Decision to take action against Vince Zampella and Jason West was pretty easy to make, claims the Activision boss.
Activision came down hard and heavy on Infinity Ward’s top developers, including the two executives namely Vince Zampella and Jason West, in 2010, firing them from the very studio that they created.
The swift action raised a number of questions and brought the publisher, who had snapped up the owner of Infinity Ward following the release of first Call of Duty game in 2003, under a lot of criticism.
It is naturally quite difficult for a company to make the decision of firing not one, but two high-profile developers and that too after they had just finished developing the $1 billion grossing Call of Duty: Modern Warfare 2.
The CEO of Activision Bobby Kotick, however, claims to have made the decision of sending Zampella and West home without breaking a sweat.
In a New York Times profile publisher earlier this week, the Activision boss opened up about Activision’s swift and severe action against the co-founders of Infinity Ward.
He explained that the company came to learn about the plans of the two executives to break the contracts that they signed while keeping the money that they had taken from Activision, and at the same time steal 40 of the company’s employees.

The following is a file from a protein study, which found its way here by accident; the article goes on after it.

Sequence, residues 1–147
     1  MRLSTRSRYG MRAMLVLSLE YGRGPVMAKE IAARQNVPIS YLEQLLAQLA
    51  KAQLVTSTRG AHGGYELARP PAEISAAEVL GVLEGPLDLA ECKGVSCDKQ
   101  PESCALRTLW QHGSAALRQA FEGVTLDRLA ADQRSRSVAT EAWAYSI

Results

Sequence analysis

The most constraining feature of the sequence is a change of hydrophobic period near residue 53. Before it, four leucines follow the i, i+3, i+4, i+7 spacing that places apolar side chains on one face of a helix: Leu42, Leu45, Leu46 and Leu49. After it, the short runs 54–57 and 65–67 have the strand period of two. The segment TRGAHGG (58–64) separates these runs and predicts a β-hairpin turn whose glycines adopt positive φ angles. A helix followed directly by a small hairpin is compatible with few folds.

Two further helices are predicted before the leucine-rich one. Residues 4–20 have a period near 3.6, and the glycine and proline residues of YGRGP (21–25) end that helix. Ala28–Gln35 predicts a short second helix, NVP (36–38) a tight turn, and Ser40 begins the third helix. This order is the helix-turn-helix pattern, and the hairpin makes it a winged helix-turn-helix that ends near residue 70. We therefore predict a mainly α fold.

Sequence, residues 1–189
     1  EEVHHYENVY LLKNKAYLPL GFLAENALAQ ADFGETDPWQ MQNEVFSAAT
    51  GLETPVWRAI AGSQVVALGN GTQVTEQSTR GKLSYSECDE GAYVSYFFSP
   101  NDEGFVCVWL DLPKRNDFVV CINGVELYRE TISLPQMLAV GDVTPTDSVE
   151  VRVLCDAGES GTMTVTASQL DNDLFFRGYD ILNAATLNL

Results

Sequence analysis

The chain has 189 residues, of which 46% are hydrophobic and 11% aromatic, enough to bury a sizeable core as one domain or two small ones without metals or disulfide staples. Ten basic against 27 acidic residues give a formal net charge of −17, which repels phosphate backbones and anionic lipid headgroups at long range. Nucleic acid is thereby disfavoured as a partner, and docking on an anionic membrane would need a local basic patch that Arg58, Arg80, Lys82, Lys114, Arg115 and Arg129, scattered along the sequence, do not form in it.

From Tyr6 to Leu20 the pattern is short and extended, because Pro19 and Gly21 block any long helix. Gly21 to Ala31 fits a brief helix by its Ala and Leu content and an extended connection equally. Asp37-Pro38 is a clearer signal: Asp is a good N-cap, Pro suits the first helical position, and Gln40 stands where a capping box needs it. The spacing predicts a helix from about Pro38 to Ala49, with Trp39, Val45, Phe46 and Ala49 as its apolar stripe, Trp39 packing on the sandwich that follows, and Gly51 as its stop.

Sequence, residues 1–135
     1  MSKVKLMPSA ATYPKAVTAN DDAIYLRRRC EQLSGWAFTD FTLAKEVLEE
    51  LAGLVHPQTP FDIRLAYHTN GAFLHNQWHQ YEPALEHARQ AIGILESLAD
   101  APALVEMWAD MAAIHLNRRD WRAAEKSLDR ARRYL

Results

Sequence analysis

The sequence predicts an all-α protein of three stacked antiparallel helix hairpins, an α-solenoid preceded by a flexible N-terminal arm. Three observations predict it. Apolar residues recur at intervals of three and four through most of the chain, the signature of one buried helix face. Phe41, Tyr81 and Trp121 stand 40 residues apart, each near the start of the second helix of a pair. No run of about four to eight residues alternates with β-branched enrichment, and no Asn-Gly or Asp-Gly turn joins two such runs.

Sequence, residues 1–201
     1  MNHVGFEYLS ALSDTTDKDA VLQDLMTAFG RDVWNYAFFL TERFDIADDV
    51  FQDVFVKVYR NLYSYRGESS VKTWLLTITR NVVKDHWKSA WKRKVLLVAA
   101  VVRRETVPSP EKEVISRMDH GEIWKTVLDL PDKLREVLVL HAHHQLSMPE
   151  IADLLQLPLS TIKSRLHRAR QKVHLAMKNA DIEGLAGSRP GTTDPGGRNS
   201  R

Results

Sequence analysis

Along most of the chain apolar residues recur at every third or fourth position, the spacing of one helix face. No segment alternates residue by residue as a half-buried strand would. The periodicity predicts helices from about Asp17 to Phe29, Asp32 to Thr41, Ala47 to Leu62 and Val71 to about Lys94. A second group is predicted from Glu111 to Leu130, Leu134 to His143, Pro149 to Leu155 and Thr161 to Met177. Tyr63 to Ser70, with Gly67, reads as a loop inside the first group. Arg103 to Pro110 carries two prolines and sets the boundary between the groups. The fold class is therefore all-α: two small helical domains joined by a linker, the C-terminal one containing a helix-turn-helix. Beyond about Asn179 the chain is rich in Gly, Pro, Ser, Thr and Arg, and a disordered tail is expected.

The plans to betray the very company that had come to their rescue when they were in dire need of help came as a huge disappointment and thus compelled Kotick to take the necessary action against them, a move that he expects someone else in his place to have made as well without giving it a second thought.
“You find out two executives are planning to break their contracts, keep the money you gave them, and steal 40 employees. What do you do? You fire them,” Kotick said.
Activision had filed a case against West, Zampella and 40 other former Infinity Ward developers, though the parties reached a settlement outside of court earlier this year even before a trail could hear it. The details of the settlement have remained undisclosed, though one analysts suggested the figure to be somewhere in the tens of millions.
Fortunately for the fans of the Call of Duty franchise, the sacking of top Infinity Ward executives and developers had little to no impact on the first-person shooter, which continued to maintain its reputation as one of the best, if not the best, in the genre.
Despite all the critical and commercial acclaim, the Call of Duty franchise is unlikely to try its luck in Hollywood, as Kotick believes that poor film adaptations may end up taking its toll on the overall reputation of the brand.